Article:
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Scandal-hit Toronto Mayor to run for re-election despite crackgate

Deeply moving, standing still

Rock

Good vibes for Badass follow on

In the wake of Channel 4's Badass TV, BBC2 offers another Friday night show dedicated to afro-centric culture. The Vibe (11.15pm) is a weekly quiz that tests contestants knowledge of Black music. Eight teams of three contestants will attempt to answer questions on soul, ragga, rap, jungle, reggae, gospel and jazz.

Stanley Spencer's The Resurrection, Cookham has been given a face- lift and a whole new lease of life by a school on the Isle of Dogs

When in 1923 Stanley Spencer painted his famous work The Resurrection, Cookham, he can little have suspected that it would one day be used to educate East End teenagers. Spencer presents a surreal view of his local parish church, in which the dead, wrapped in winding sheets, rise uncorrupted from the grave to greet the living on the pleasant summer's afternoon of the day of resurrection.

Token tourist Yusuke Tadaki in London

Age: 22

Soul meets the abstract space

Annie Lennox's new album is a set of covers. Here she introduces them; below, Tim de Lisle reviews them

The ultimate career move?: Early deaths have given the music business a constant run of lucrative anniversaries. Next month it's Marvin Gaye's 10th. Next year it will be Jimi and Janis's 25th. Be prepared with our selective guide to the living dead

ROCK DEATHS seem so dated, so Seventies, now. The vultures may have circled when Nirvana singer Kurt Cobain collapsed in Italy a few weeks ago, but they went away hungry. The excitement generated by the rumour, however - some American radio stations rushed to announce his 'death' - emphasised just how rare this kind of scare has become. River Phoenix may have supplied his generation in Hollywood with their own James Dean, but most of today's big rock stars have planned their futures too wisely to consider overdosing in a plush hotel room as a smart career move. Dangerous excess is either a phase they've 'recovered' from (Eric Clapton) or one they've apparently never considered (Madonna: too healthy). And the survivors - Mick Jagger, Bob Dylan, Keith Richards - seem to be getting the last laugh over the idea that premature death is the supreme myth-maker. Even middling rock stars, such as Aerosmith, can receive huge contracts (in 1991 they got dollars 25m to stay with Sony) and expanding sales well into middle age, thanks to the kind of global marketing Jim Morrison never had.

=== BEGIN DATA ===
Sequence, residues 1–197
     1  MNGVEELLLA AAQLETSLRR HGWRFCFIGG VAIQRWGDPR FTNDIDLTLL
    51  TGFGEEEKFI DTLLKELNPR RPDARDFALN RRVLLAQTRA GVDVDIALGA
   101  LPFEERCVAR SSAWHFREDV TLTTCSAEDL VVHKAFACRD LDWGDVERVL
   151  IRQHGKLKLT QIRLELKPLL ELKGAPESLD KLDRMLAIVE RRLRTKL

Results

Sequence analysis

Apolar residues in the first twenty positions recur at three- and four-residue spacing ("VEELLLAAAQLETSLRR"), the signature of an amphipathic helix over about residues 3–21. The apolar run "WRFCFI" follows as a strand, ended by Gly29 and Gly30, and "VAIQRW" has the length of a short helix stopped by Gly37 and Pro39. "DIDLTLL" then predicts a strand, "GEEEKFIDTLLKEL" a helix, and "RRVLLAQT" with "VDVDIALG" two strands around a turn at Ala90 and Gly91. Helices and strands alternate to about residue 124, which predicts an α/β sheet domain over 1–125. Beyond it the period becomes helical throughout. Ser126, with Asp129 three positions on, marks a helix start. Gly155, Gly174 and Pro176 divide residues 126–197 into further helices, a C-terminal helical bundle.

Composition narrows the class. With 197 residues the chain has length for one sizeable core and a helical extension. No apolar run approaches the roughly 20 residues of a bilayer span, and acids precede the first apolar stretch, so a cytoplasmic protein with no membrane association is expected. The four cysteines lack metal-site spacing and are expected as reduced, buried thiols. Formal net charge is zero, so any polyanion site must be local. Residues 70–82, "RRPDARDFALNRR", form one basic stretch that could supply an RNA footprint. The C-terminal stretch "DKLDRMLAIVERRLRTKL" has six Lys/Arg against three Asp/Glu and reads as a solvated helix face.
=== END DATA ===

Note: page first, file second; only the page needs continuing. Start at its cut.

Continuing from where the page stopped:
Live music? I can't stand the sight of it

FOR SEVERAL thousand years, nobody paid much attention to the live band at gigs. The Plato Experience, the Rockin' Togas, the Hey Nonny No Band, Jake and his Jacobeans, Gus and his Augustans, and every other combo throughout history were just there to provide the sounds; nobody wanted to watch them, just to dance to them. What, after all, was there to watch?

People: McCartney makes his peace with Yoko

CONFIRMING a musical reunion of the three surviving Beatles, Paul McCartney inducted John Lennon into the Rock 'n' Roll Hall of Fame on Wednesday night. 'For old time's sake, we're going to give it a whirl,' he said.

Past and future leaders party into the new dawn

JOHANNESBURG - The song 'I'm not in love' did not seem the most appropriate to celebrate the dawn of the new South Africa, writes John Carlin.

FEATIVALS / What's so great about the great outdoors?: Glastonbury, soul at Ally Pally, Jazz on a Summer's Day - last weekend, music took to the open air. Our reviewers breathed deeply

The second summer of grunge. The boys had their baggy shorts on, the girls their drop-waist floral prints, and both sexes sported more pairs of army boots than are seen at manoeuvres on Salisbury Plain. But there was barely a fuzz-box riff or a wheedling slacker lyric in the air. The punters may have all looked the same, but the music at Glastonbury catered for many tastes: crusty white dub (Back to the Planet), squeaky clean soul (Jamiroquai), camp pop (Suede), even drab pub rock (the Kinks). And apart from the pub rock, it was great.

ROCK / The rhythm that changed the world: Catching a fire, all over again: Richard Williams on the collected Bob Marley

THE SWEET SMOKE hung like thick velvet curtains in Harry J's studio on the hot, wet night I got taken to hear the Wailers cutting the tracks for Catch a Fire, the album that changed the face of Jamaican music, of black music, of popular music irrespective of race, creed or colour. But it wasn't just the smoke. Here, in the sombre, floating harmonies of 'Slave Driver', in the hypnotic unnhh-chakka unnhh-chakka rhythm of 'Concrete Jungle', was something so new and so amazing that you'd have to have been completely unconscious to have missed its implications. As the half-dozen musicians rolled out the warm, elastic grooves way past the length needed for any conceivable record release, the minutes and the hours seemed to exchange values.

ROCK / RIFFS: Roots, rock, reggae: Bob Marley double: Michael Franti of the Disposable Heroes on 'Zimbabwe' and UB40's Jim Brown on 'Stir It Up'

AFTER THE riots in LA I started picking up on Bob Marley a lot, mainly because of his ability to put the political and the personal on the same track - something that's really missing today.
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